2002: the worst year in the history of the IT sector

IDC says that 2002 saw the IT sector shrink by 2.3% to a worldwide sales figure of US$875 billion. 2003 is expected to be more positive though, with growth of more than 5% predicted.

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By  Neil Denslow Published  November 26, 2002

2002 has been the worst year in the history of the IT sector, according to IDC. The analyst house says that 2002 saw the sector shrink by 2.3% to a worldwide sales figure of US$875 billion. 2003 is expected to be more positive though, with growth of more than 5% predicted.

“Overall, the IT industry has contracted by roughly 3% over the past two years,” says John Gantz, chief research officer at IDC. “This is in sharp contrast to the average annual growth rate of 12% enjoyed by the industry over the past 20 years. Looking forward to 2003, we expect to see spending on IT and communications resume, driving a worldwide growth rate of 5.8% for the industry," he adds.

Among the black spots highlighted by IDC was a 9.3% reduction in the worldwide systems market, comprised of PCs, servers, and workstations. The global storage market also shrank by 10.6% in 2002 and IDC does not expect it to recover to its 2001 size until after 2006. The global network equipment market also fell 7.6%, mainly because of investment cutbacks by telcos. The services market, which represents over a third of the worldwide IT revenue, also slumped to a three-year low.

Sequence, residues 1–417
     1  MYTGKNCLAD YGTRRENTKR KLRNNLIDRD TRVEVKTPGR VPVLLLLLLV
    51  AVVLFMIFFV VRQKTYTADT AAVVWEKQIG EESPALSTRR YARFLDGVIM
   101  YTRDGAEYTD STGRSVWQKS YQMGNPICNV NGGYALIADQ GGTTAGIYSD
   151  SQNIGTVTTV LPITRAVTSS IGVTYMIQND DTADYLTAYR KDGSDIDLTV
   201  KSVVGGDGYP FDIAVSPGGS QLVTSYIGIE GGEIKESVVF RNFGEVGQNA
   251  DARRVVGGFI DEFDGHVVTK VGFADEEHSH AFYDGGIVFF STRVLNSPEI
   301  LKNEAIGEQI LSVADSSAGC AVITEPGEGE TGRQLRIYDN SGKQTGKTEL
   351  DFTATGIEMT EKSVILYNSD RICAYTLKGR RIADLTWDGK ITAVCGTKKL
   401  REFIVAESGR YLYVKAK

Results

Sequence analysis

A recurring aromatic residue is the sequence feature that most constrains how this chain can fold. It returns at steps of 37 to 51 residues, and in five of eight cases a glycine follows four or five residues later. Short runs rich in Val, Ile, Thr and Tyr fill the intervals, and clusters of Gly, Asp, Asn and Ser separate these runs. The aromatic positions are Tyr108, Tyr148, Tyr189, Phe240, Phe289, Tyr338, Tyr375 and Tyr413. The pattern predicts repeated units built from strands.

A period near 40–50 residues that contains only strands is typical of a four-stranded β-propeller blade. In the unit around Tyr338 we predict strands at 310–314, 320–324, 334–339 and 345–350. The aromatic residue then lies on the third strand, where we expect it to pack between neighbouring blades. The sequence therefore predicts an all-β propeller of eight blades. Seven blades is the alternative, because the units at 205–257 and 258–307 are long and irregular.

The analyst house expects IT spending to resume growth in 2003, but it remains cautious. Software spending is expected to remain weak, while price competition will stymie revenue growth in the hardware sector. The focus on smaller projects will also restrict growth in the services sector. After 2003, however, IDC expects several years of improved growth followed by slower growth towards the end of the decade.

However, the analyst house emphasises that changes in the wider economic and geopolitical environment, such as a stock market plunge or war in Iraq, could result in lower IT growth. In such a case, IDC predicts worldwide IT spending growth could be around 2%, with spending growth in following three years mirroring real GDP growth.

“Although the industry as a whole won’t return to the kind of growth enjoyed before the downturn, there will be a number of bright spots over the next several years,” adds Stephen Minton, IDC’s director of worldwide IT markets and strategies. “Innovation and value will be important drivers that lead the industry back to health.”

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